The data also demonstrated that FFR-guided PCI is safe and tended to reduce procedure-related myocardial infarctions in NSTEMI patients over angiography alone. NSTEMI is the most common form of acute coronary syndrome and a leading cause of premature morbidity and mortality worldwide.

The data were presented during a hot line late-breaking session at the European Society of Cardiology Congress 2014 and appears in the online version of the European Heart Journal.

"In patients suffering NSTEMI, traditional diagnostic imaging tools have limited our ability to optimally assess which blockages require revascularization," said Dr. Colin Berry, a Professor of Cardiology and Imaging at the University of Glasgow and Principal Investigator of the FAMOUS-NSTEMI clinical trial. "What we’ve now found is fractional flow reserve technology has additive diagnostic and clinical benefits for NSTEMI patients. We need to continue to evaluate the technology’s potential in new segments of patients."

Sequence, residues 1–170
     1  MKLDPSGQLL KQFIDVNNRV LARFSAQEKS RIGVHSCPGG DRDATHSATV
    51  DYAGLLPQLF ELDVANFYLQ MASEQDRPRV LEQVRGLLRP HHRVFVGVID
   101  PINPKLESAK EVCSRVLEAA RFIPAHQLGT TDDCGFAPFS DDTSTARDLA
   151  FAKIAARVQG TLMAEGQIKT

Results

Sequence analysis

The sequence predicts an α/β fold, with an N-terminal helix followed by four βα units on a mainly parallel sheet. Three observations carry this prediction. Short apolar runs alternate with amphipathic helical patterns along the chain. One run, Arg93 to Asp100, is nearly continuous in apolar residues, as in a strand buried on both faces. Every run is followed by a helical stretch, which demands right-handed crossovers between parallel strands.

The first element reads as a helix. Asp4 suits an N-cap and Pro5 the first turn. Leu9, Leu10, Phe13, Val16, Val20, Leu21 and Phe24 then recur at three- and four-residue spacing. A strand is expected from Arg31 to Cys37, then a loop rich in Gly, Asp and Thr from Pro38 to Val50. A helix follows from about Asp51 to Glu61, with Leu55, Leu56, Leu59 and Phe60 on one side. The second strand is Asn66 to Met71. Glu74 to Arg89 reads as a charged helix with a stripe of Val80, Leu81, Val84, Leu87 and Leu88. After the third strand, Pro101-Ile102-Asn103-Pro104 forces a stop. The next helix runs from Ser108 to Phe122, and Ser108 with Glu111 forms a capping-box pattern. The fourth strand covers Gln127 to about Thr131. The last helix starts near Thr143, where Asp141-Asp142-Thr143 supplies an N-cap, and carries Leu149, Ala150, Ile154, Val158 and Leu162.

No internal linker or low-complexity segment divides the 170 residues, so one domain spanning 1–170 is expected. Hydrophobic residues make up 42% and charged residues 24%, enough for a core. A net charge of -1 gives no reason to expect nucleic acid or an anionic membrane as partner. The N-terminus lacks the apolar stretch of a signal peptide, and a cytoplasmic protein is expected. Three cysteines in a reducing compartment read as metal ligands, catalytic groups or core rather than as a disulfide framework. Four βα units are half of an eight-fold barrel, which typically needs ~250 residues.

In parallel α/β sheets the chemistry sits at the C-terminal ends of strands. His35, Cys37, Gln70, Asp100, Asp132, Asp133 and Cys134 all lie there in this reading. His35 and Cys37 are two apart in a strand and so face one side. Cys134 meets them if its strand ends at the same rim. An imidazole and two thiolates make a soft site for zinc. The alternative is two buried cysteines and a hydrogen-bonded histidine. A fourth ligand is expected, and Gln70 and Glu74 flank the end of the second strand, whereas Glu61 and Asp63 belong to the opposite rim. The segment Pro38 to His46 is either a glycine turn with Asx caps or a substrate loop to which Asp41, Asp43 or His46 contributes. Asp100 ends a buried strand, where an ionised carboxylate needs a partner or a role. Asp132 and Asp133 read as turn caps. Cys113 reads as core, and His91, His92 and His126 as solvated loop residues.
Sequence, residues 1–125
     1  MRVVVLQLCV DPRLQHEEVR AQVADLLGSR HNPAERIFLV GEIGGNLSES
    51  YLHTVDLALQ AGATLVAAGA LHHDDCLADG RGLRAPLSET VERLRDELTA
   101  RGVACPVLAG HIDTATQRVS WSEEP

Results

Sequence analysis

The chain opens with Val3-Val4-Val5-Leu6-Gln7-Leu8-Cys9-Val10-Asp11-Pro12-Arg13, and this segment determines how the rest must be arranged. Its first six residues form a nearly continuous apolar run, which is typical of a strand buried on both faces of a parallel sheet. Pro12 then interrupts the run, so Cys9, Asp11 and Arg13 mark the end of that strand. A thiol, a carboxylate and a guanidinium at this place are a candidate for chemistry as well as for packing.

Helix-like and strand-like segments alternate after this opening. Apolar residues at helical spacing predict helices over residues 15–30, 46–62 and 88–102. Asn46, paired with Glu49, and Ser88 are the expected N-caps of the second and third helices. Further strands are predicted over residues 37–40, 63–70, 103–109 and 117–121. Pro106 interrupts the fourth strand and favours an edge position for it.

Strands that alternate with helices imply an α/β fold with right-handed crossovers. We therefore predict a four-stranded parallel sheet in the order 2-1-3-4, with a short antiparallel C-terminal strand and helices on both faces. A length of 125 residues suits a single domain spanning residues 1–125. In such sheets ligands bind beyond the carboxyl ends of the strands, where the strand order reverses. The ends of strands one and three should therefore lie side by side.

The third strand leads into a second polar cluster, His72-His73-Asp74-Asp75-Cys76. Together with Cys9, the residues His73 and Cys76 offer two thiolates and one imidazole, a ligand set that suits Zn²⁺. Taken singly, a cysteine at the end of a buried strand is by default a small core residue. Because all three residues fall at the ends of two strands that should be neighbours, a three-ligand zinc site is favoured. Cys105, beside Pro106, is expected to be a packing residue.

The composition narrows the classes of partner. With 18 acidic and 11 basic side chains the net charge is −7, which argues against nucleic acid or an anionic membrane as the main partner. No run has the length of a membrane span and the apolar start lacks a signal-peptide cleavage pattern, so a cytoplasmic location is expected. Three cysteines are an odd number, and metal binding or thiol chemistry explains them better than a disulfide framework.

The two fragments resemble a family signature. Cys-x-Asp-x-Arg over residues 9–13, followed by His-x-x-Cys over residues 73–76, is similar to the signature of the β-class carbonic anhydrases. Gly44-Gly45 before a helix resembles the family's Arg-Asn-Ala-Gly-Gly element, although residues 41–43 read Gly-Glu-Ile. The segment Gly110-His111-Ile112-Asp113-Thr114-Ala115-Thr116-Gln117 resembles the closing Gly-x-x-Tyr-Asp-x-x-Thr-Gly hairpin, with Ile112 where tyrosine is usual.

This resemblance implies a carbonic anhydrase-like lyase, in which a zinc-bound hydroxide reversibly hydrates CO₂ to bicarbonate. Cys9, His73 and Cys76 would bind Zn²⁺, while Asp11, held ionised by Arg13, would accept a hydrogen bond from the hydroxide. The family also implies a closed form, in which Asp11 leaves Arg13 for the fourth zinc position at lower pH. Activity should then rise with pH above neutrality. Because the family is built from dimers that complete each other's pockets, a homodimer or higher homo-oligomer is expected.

The FAMOUS-NSTEMI trial enrolled 350 patients in six UK hospitals between October 2011 and May 2013. Patients enrolled had at least one coronary stenosis at least 30 percent occluded at time of admission for NSTEMI. In patients randomized to the FFR-guided group, an FFR of greater than 0.80 indicated revascularization by PCI or coronary bypass surgery.

The FAMOUS-NSTEMI study builds on data from the FAME and FAME 2 clinical trials, which support FFR as the standard of care for the treatment of patients with coronary artery disease (CAD).

The original FAME trial, which concluded in 2008, found FFR allows for more accurate identification of narrowed passages most likely to cause a coronary event, reducing rates of death, myocardial infarction (heart attack) and repeat revascularization.

Preliminary data from FAME 2 further supported FFR, and found FFR-guided PCI with PressureWireTM measurement technology is a cost-effective strategy that can improve clinical outcomes and quality of life in patients with stable coronary artery disease (CAD) over medical therapy alone. Results of both the FAME and FAME 2 trials were published in The New England Journal of Medicine.